MonoRealism Philosophy Site

Sex, Drugs and Rock'n'Roll

Part B

Masculinity vs Femininity

Masculinity and femininity are concepts pertaining to the psychological differences between men as males and women as females. They are valid concepts, as there are objective differences (one symptom being the plethora of man jokes, woman jokes etc.). And by the nature of sexual interest, in which people find the opposite sex attractive, it is the valuable differences (both physical and psychological) which are the basis of the attraction. That is, men will be attracted to "feminine" women, and women to "masculine" men. (Interestingly, even in homosexual couples there tends to be a "masculine" and a "feminine" partner, I believe.)

It is important to bear in mind that masculinity and femininity are sexual concepts: they apply solely to the relationships between the sexes, not to men and women as human beings: that is, not to men and women in their relationship to reality. Both men and women are primarily human beings: their essence is neither masculinity nor femininity, but rationality (both in the sense of having the power of reason, and in the sense that living rationally with its concomitant virtues are desirable for and achievable by either sex).

The fundamental source of the asymmetry between men and women is simple physical strength. It is that which makes feasible the greater aggressiveness of men, and with that aggressiveness enabled their role as hunters, protectors and warriors. Thus, the essence of masculinity is strength. However, while crude physical strength is the fundamental origin, the derivatives in a thinking being run the whole gamut of what a man needs to actually fulfil his roles: every quality determining his ability to handle reality. Depending on a woman's own sophistication, values and circumstances, what she regards as masculine, strong and attractive could therefore comprise anything from big muscles, to political power, to wealth, to intellectual power, to moral integrity.

As masculinity and femininity pertain to differences, they must pertain to traits which are opposite or complementary. So the essence of femininity is something which is opposite or complementary to strength, without implying weakness – as "weakness" implies inability to deal with reality, hardly desirable in a human being in general, let alone the one you entrust your children to! The word that I think comes closest is softness, encompassing such things as gentleness, nurturing and even vulnerability. However, it does not exclude strength, assertiveness, independence and the like. Like masculine strength, "feminine softness" is a relative term: what a woman seeks is someone stronger than her (in at least some ways which she regards as important); what a man seeks is someone softer than him. Thus, the stronger a woman is in an absolute sense, the stronger must a man be to be interested in her, and interesting to her. This is reflected in the difficulty often encountered by attractive, successful professional women in finding a mate: her strength "frightens away" many men – and any man unable to meet her strength, and indeed be attracted by it, is not attractive to her anyway.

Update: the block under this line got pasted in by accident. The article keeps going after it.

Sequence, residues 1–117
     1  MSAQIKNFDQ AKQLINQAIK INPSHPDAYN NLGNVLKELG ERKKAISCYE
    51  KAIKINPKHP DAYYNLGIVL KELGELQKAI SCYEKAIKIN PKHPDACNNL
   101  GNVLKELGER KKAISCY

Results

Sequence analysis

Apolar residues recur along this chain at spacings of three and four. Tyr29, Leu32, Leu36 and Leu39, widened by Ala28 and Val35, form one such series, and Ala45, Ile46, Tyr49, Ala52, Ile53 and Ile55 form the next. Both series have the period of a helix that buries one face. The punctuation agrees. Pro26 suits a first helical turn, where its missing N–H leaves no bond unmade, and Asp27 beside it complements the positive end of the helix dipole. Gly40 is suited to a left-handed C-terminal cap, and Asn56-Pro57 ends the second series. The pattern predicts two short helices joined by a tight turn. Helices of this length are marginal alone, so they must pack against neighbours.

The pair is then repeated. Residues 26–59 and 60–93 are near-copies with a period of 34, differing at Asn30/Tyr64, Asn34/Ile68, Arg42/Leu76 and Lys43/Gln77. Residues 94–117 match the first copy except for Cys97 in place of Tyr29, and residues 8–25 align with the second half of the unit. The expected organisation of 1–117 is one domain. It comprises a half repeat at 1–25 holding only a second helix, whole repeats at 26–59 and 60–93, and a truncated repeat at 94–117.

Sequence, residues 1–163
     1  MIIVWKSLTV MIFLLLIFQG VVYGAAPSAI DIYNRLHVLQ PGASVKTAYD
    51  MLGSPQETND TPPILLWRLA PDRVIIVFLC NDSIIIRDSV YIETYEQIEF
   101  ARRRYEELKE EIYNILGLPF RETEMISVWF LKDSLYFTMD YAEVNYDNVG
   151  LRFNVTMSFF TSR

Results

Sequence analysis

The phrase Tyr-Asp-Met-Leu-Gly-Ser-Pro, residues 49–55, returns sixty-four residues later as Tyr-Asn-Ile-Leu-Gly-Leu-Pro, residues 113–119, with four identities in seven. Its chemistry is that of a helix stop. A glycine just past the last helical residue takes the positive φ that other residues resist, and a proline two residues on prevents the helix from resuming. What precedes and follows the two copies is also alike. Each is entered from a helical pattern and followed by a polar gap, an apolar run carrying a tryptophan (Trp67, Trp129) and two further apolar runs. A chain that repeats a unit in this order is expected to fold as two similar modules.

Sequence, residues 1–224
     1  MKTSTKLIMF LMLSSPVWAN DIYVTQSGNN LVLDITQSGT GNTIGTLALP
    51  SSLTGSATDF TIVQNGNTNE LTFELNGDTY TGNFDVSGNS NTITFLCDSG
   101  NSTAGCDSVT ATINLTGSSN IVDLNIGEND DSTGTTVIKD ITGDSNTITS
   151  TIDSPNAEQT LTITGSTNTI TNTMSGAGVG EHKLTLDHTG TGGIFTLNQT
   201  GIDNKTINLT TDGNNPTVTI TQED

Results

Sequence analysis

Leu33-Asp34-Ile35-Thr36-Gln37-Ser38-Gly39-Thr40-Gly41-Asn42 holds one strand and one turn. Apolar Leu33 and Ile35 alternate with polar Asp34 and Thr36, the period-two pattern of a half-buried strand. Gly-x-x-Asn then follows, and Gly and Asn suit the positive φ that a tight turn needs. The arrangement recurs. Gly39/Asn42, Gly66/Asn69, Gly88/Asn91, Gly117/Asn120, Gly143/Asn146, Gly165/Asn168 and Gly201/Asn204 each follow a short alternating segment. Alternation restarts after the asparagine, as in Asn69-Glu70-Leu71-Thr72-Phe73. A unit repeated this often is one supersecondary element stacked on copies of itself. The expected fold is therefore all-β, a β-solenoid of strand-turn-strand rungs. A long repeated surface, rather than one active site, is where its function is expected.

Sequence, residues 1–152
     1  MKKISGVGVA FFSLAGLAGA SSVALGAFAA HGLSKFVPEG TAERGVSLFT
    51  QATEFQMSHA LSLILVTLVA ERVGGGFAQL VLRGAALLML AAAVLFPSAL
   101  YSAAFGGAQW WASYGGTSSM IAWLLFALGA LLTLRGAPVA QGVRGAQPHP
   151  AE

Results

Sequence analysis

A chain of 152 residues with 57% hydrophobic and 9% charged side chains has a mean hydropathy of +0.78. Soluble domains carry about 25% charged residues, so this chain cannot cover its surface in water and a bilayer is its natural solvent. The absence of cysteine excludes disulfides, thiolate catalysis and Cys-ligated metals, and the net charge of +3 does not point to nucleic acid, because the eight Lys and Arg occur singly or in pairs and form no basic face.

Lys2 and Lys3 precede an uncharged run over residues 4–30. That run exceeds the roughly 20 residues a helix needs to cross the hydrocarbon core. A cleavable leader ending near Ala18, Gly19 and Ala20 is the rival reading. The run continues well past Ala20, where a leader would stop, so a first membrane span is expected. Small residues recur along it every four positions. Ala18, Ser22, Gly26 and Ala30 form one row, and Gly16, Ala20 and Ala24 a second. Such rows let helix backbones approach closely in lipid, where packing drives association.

Heroes and Heroines

Given that in human evolution a critical male role was protector and warrior, what a female needed and therefore wanted was a male able to be those things: that is, a man able to be her hero. Thus, another aspect of femininity is the desire to find a man she can look up to. Before I'm eaten alive by feminists for that one, it must be made clear that this does not apply to a woman's standing before reality, but solely to what she wants from a man in a romantic relationship. In a free, industrialised society where neither physical strength nor the rule of force are determining factors, success proceeds solely from the mind. In such circumstances women are as capable as men of achieving success, as they are as capable of all the human virtues – such as rationality, independence, productiveness, courage and pride – which produce it.

Ayn Rand, herself a pre-eminent novelist and philosopher – highly accomplished professionally, and very strong in mind and personality – put it this way:

For a woman qua woman, the essence of femininity is hero-worship – the desire to look up to a man. "To look up" does not mean dependence, obedience or anything implying inferiority. It means an intense kind of admiration; and admiration is an emotion that can be experienced only by a person of strong character and independent value-judgments ... a woman has to be worthy of it and of the hero she worships. Intellectually and morally, i.e., as a human being, she has to be his equal; then the object of her worship is specifically his masculinity, not any human virtue she might lack ... Her worship is an abstract emotion for the metaphysical concept of masculinity as such – which she experiences fully and concretely only for the man she loves. (Quoted in The Ayn Rand Lexicon)